Of all the stories I've written about my ex-husband and I, this is my favourite. Like a lot of the happy stories about us, it was very hard on me to write it, and ten times harder to record it. I cried and cried that day in the studio and made Alone producer Veronica Simmonds cry too.
It's just so beautiful, but also crushing to remember being young and in love and happily married. To remember that at one time, he would do anything to protect me and keep me safe. That there was anyone who would. It's hard to remember what it's like to be loved and cared for in such a deep and meaningful way. SIGH.
People always ask me if it's cathartic to have made this podcast, and sometimes yes, it was. But writing and talking about the hard times is easier in many ways. It's the happy times that are killer. Strange right? Still, this is my favourite story about us. And that was my favourite trip that we ever took together.
Here is me in 2004, somewhere in the middle of the four-hour hike to the edge of the cliff.
And here is the actual cliff our tent was on in the story, and the only photo I took there before I had my panic attack.
Below us was the Atlantic Ocean, dotted with wild and beautiful things I'd never seen before — sea stacks, pillow lava.
You guys, it really was insane. Sea stacks! Pillow lava! Like, WHAT ARE THESE THINGS? Being from relatively flat Ontario, this place blew my MIND.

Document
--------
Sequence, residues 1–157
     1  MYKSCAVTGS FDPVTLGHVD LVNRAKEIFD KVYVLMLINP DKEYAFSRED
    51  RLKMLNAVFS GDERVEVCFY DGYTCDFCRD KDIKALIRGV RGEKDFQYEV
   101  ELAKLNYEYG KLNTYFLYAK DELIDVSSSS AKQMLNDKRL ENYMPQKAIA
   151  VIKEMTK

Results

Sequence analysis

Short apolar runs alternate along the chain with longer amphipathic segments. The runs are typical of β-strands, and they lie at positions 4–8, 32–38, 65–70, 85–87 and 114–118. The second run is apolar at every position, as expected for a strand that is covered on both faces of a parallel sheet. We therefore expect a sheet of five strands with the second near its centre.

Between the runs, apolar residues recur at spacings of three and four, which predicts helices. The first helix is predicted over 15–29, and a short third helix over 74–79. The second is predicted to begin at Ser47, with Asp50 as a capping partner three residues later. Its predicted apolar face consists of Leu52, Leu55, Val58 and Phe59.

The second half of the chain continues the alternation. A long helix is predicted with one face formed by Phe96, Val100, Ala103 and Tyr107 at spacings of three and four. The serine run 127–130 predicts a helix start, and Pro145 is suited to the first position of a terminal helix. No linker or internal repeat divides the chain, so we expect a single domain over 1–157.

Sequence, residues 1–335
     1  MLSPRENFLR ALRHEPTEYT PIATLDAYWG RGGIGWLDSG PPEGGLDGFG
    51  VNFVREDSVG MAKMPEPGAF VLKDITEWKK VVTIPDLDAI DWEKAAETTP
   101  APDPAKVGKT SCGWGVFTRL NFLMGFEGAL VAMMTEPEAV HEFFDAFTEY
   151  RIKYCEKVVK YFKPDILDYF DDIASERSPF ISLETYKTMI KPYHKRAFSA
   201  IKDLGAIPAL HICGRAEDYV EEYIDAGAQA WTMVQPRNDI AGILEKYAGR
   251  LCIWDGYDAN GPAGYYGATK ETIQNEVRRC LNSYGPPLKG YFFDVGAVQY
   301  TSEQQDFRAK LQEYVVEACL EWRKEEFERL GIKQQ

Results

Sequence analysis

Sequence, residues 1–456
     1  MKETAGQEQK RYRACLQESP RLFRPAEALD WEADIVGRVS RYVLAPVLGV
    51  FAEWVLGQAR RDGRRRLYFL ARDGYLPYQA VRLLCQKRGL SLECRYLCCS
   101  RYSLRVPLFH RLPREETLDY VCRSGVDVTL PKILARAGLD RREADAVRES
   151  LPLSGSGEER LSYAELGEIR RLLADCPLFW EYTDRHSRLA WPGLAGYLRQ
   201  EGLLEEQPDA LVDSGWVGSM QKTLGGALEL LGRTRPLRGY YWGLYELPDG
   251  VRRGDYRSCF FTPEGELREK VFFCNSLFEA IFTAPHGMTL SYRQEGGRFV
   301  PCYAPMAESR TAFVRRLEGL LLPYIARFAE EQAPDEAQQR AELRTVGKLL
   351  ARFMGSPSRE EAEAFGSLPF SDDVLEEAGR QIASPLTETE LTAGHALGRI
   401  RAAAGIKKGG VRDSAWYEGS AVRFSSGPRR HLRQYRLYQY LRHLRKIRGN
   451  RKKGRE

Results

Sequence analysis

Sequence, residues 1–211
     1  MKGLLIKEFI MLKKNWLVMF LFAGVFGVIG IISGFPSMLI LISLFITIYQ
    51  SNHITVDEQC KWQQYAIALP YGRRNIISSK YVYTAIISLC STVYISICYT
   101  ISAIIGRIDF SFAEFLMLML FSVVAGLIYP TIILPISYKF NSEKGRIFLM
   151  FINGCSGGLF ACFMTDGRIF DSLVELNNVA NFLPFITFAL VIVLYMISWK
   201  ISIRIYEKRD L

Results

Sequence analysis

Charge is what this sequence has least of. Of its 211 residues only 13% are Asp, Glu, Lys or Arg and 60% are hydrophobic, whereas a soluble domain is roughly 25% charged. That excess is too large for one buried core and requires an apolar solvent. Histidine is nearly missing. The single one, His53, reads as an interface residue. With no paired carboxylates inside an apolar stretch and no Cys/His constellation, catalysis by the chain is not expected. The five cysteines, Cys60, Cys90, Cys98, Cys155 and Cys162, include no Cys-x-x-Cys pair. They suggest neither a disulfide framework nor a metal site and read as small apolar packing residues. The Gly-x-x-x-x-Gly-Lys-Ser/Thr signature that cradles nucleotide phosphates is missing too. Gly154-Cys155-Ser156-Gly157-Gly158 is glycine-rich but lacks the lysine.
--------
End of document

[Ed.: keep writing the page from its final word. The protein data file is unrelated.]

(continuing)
If you've never been to Newfoundland — ohmygod go right now. It is the most beautiful place in Canada, especially the western part of the province.
From Gros Morne to L'anse aux Meadows there's nothing but endless breathtaking views and whales and icebergs and shipwrecks and whatever the heck sea stacks and pillow lava are. It just goes on and on, you can't even believe it.
Gros Morne National Park has been designated a UNESCO World Heritage Site. That's mainly because of the incredible freshwater fjord they call Western Brook Pond (so Newfoundland to call this natural wonder a "pond"!!) I don't have any good photos of the fjord, but just check out these amazing photos and prepare to have your mind blown!
And the most incredible place of all is The Tablelands. Check out these photos of the geological wonder! I know I'm being a one-woman tourism board for Newfoundland right now, but honestly, I do it only out of the goodness of my heart. I have so many beautiful memories there.
At the playground
This vignette is me at my bitterest! I'm pretty unlikeable in this one, but it's important to me to stay true to the way I felt at the time and not try and soften myself because I don't feel the same way now.
I wrote this vignette into my little notebook while sitting in Trinity-Bellwoods Park here in Toronto. I was actually feeling all those bitter things and feeling so sorry for myself.
And then, in real time as I wrote it, I really did swing from the bitterness to feeling good about my life before swinging right back to feeling sorry for myself all over again when I saw a couple holding hands on the swing set. I felt like my insides were being scraped out with every glint in their eye, every giggle, every tiny kiss. There's nothing like a couple in super-love to throw your own singleness into stark relief. Agh.
Story Caveat #1. Bitter-in-2012-Me really seemed to relish making fun of the hipster parents of Trinity-Bellwoods. I apologize, even though no hipster ever believes they are a hipster, so you don't even know I'm apologizing to you.
Anyway, I don't think anyone's kid is called Banjo, I made that up, although it is possible. So if that's your kid's name I apologize for making fun of you. But let's be real, if that's your kid's name then I bet I'm not the first.
Story Caveat #2. I have never heard anyone complain about the quality of Mandarin at the daycare. Bitter-in-2012-Me just embellished in her notebook. I don't want the rest of the country to think that's a thing in Toronto. I mean, not that I know of.